A study conducted by RADA in Business, the commercial subsidiary of the Royal Academy of Dramatic Art which provides communication skills training for corporate individuals, found that just 8% of women find it easy to make their voice heard at work. In comparison, 15% of men reported being able to express themselves with ease within a work environment.
The research also revealed that women are 68% more likely than men to say they never feel comfortable when expressing themselves in a work environment (3.7% of women compared to 2.2% of men). This gap was widest in specific sectors, most notably IT, professional services (such as law and accountancy), retail and education.
Situations where women said they felt significantly less comfortable than their male counterparts were when meeting with their manager (33% more likely to feel uncomfortable than men), or an organisation’s board members or senior management (12% more likely).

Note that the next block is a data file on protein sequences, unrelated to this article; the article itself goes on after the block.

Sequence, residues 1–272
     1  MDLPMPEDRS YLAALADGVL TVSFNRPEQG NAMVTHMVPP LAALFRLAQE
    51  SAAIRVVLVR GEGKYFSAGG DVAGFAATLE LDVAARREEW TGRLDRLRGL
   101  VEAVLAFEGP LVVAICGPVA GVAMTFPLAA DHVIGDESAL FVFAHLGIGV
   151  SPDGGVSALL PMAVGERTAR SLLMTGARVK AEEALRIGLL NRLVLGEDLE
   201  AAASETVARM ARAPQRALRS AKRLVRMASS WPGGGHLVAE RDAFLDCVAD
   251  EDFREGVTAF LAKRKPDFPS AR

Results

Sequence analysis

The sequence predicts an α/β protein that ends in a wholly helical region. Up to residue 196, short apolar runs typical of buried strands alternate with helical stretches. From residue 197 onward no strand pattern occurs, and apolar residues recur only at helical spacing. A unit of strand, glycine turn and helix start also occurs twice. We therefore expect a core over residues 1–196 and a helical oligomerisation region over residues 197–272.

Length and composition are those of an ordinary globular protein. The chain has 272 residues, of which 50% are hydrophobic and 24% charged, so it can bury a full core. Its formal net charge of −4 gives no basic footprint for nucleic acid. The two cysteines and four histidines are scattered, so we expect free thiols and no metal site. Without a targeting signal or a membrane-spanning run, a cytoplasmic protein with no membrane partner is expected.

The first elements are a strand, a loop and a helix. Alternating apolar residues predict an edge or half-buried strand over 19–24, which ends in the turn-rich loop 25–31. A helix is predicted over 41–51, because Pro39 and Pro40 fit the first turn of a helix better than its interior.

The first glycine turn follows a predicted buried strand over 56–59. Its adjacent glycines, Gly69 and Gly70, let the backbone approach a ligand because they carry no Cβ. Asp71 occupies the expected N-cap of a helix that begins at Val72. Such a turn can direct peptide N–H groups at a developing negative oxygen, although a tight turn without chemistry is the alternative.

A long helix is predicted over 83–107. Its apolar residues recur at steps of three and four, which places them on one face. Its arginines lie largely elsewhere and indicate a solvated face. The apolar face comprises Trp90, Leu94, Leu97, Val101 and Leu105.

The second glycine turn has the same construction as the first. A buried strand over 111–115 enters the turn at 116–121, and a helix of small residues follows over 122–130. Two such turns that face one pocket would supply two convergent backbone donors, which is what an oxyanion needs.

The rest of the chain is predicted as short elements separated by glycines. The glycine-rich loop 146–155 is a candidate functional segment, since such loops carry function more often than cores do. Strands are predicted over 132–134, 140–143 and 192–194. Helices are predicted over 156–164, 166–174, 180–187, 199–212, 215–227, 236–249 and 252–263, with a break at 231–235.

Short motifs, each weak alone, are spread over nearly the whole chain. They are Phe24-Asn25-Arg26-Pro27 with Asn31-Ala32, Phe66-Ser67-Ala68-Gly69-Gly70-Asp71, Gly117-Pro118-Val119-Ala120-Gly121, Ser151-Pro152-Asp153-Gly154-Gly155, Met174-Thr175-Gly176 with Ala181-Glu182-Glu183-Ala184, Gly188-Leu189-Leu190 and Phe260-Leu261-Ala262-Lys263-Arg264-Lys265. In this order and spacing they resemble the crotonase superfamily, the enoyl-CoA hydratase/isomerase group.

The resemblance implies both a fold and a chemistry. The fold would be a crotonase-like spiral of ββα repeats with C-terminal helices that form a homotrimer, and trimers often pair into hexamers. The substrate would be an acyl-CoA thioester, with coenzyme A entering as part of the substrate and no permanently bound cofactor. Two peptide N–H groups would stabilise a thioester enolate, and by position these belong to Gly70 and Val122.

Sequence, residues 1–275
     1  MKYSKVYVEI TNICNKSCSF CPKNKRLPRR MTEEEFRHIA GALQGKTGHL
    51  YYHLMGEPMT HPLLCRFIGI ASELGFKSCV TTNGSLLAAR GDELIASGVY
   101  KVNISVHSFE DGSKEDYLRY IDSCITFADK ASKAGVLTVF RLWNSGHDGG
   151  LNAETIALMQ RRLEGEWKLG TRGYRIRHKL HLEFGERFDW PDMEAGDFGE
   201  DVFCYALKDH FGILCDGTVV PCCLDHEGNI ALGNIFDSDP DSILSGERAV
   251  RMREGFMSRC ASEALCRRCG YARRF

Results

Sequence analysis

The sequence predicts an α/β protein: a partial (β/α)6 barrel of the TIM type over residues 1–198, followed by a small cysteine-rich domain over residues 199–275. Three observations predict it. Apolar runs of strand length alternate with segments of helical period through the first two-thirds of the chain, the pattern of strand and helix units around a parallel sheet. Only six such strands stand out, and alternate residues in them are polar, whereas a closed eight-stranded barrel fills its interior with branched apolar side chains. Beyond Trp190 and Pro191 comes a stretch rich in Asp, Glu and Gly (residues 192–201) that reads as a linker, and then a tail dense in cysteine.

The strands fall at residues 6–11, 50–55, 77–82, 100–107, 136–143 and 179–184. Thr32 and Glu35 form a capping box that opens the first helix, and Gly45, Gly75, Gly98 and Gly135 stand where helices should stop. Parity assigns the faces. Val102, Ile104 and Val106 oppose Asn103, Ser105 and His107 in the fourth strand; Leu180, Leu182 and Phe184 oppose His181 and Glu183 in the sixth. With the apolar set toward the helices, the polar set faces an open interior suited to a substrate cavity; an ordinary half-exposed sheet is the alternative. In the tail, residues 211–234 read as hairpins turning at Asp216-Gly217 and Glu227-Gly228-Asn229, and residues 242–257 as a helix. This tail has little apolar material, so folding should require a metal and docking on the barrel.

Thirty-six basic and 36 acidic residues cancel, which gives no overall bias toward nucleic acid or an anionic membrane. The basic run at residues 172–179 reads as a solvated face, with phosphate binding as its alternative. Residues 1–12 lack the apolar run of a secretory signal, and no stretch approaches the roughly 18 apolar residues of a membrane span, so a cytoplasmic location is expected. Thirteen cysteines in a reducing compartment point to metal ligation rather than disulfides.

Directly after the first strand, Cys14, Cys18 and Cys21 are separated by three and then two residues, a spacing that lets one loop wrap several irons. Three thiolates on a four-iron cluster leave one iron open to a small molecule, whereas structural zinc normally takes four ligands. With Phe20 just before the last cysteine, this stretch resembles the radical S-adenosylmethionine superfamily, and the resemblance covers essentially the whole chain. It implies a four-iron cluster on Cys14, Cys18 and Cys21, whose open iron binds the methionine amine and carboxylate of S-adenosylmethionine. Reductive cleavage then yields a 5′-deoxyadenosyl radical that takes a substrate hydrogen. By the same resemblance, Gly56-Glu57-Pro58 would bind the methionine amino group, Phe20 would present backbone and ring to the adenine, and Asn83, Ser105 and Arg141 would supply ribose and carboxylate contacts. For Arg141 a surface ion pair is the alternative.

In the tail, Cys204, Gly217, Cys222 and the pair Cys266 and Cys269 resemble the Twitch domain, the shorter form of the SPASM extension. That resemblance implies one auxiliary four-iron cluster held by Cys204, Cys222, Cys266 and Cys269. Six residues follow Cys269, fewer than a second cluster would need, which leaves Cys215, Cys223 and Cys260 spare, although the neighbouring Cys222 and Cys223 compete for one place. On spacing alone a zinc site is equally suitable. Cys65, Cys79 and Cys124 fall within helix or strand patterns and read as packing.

Typically, women responding to the survey said that they felt more comfortable when communication was a two-way process, for example in one-to-one meetings when they felt the other person was genuinely listening to what they had to say.
Liz Barber, Client Director at RADA in Business commented on the findings: “The data shows there are still discrepancies between how men and women feel in a business environment. It shows that we have a way to go to ensure that women feel as comfortable and confident in expressing themselves at work as men do. The two key challenges often identified by women in the workplace are sustaining a belief in their own ability and potential, and having the confidence to put themselves forward for senior positions.
“Organisations need to take responsibility to ensure that women’s voices are being heard. Effective communication is an interactive, two way process and having the ability to flex different aspects of leadership and to respond differently to meet the needs of everyone in the business is something that RADA in Business specialises in.”
She added: “Small changes to your physicality, breath and voice can make a huge difference in getting your voice heard and improving your impact. Owning your space, using your peripheral vision, and speaking with confidence are just some of the techniques we teach actors, but the same techniques apply when communicating in a business environment.”